Jueves, 16 Julio 2020 08:18

ARTISANEFOOD PROJECT | Reseach increases food safety in artisanal cheese and cured sausages

HIBRO research group HIBRO research group

The ArtisaneFood Project uses predictive microbiology in order to optimize food quality and safety in artisanal foods produced in the Mediterranean region

There is artisanal food that has travelled in time via recipes that have been passed down from generation to generation, from one mouth to another, like a family heirloom. On many occasions, these products have become a distinguishing feature in towns and regions, spreading the name of their region all over the world and attracting tourists who want to taste the product of the land. However, in these traditional products’ round trip journeys, they need to have food safety as their passport.

Generally speaking, these products are usually made in small factories, with little machinery and where there still are not optimized processes as far as quality and food safety protocol in comparison with those of large companies. The need to implement these systems to guarantee that these foods not only have organoleptic quality but also that they are safe to consume is what brought about the European project called ‘ArtisaneFood - Innovative Bio-interventions and Risk Modelling

Approaches for Ensuring Microbial Safety and Quality of Mediterranean Artisanal Fermented Foods’. This project seeks to develop strategies that ensure food safety in two kinds of products: cured raw meat (dried sausages) and dairy products (aged cheese).

This project, funded by a PRIMA grant, is being coordinated by the Polytechnic Institute of Bragança (Portugal) and has research institutes from the following countries participating: Italy, France, Greece, Morocco, Tunisia, Algeria and Spain. The Food Science Hygiene (abbreviated to HIBRO in Spanish) research group at the Department of Food Science and Technology at the University of Cordoba, is working on this project with researcher Antonio Valero as the coordinator. Valero believes that “it will help companies to show that their products are safe, providing a scientific foundation for this claim”.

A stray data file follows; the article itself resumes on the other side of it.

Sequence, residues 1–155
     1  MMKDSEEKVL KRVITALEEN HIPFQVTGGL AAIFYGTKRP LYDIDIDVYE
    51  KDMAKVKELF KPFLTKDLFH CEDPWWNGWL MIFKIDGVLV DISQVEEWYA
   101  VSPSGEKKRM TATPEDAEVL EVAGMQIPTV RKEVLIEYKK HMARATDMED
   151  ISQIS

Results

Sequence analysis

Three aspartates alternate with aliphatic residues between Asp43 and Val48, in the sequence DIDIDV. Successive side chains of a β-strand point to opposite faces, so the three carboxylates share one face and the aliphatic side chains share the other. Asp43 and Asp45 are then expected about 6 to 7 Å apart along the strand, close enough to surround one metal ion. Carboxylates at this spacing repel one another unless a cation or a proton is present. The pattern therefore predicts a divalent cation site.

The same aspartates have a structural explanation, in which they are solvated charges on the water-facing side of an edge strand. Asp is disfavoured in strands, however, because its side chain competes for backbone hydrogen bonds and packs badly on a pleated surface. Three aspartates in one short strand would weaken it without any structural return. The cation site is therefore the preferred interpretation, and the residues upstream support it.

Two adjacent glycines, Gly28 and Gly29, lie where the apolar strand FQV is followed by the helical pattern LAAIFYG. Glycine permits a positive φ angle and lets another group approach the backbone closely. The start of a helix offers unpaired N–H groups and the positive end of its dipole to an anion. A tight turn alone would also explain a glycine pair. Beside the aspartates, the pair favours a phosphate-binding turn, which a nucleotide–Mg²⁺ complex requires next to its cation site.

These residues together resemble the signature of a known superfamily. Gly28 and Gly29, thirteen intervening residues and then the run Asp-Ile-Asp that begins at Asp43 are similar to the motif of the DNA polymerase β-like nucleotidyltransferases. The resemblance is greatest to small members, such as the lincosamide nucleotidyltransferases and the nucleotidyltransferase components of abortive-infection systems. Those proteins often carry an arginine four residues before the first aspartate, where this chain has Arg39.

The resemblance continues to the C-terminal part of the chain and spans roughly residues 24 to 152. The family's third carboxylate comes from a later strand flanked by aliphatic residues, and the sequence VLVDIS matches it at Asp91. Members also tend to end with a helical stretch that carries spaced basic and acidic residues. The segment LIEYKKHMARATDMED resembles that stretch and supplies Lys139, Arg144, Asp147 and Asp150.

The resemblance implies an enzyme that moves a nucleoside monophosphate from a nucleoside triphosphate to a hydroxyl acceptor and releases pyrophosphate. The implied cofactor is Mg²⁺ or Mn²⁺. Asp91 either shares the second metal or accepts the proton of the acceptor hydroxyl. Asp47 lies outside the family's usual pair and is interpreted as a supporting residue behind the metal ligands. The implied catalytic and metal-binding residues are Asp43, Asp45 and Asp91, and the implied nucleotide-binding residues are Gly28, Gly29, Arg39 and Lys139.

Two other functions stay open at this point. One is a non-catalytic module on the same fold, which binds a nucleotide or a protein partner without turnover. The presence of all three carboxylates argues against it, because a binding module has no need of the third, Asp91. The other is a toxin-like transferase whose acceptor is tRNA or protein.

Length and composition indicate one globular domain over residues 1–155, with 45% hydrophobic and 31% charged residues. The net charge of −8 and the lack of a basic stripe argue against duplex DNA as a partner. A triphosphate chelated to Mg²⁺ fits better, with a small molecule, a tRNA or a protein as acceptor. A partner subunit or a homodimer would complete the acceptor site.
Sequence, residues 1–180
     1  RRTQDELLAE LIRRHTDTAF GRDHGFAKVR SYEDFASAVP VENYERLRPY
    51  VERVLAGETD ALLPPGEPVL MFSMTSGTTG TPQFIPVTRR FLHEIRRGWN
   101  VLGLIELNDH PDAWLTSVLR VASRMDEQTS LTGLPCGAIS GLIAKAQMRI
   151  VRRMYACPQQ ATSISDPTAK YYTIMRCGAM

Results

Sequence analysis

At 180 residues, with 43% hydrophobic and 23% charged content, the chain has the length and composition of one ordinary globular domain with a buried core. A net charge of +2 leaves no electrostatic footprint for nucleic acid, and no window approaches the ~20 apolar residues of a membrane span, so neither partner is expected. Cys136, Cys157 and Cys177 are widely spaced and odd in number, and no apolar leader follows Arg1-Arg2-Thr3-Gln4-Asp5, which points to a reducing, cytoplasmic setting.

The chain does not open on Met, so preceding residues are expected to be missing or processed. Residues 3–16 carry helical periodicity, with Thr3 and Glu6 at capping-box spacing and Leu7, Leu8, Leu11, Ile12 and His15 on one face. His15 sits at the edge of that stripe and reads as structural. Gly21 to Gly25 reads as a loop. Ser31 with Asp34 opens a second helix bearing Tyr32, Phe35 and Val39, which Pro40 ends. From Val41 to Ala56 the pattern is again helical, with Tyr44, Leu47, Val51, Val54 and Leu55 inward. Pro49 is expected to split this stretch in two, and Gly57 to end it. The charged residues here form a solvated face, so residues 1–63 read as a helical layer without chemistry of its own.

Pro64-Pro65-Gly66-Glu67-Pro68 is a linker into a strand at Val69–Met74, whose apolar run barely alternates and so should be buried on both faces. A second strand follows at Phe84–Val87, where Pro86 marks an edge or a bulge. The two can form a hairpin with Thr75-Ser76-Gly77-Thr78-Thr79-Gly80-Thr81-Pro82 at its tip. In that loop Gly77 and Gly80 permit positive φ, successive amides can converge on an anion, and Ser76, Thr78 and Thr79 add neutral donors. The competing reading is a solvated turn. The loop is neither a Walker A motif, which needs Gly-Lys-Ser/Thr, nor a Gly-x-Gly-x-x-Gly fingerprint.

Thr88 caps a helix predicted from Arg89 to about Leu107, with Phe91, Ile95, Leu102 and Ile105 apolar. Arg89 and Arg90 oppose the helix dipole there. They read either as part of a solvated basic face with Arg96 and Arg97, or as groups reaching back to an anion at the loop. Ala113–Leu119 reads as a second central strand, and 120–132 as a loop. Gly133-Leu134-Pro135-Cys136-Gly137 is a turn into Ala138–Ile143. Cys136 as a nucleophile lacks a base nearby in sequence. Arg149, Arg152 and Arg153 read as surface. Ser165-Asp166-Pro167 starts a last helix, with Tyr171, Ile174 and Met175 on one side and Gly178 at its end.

The project brings together four main lines of action in order to achieve its aims. In the first place, it carries out a detailed study on the making processes by visiting the companies, with the aim to gather all the information and possible characteristics of a product and the environment in which it is made. In this way, they can characterize the ways that tend to keep disease-producing microorganisms from developing in these kinds of products.

The results will allow for developing mathematical models that help to predict what will happen when making and storing the product, as well as what will help the companies make decisions regarding the best ways to make and store their products. The companies will also be able to find out the shelf life of their products.

To make the day-to-day management easier, all this information and all these models will turn into computer software so workers in these industries will have an easy decision making tool at their fingertips.

Currently, the UCO research group is looking into the processes that these products undergo in artisanal factories in several Andalusian provinces, working in partnership with the companies so that the project’s results favor the artisanal product sector, assigning added value to the products, companies and designations of origin. This makes exportation easier and “adapts to the company’s needs by creating a final product that the company can profit from”. So, artisanal foods can continue to be passed down from generation to generation, but in a safer way.

This article is part of the communication strategy designed by the International Project Office to divulge the international projects granted to the University of Cordoba.

 

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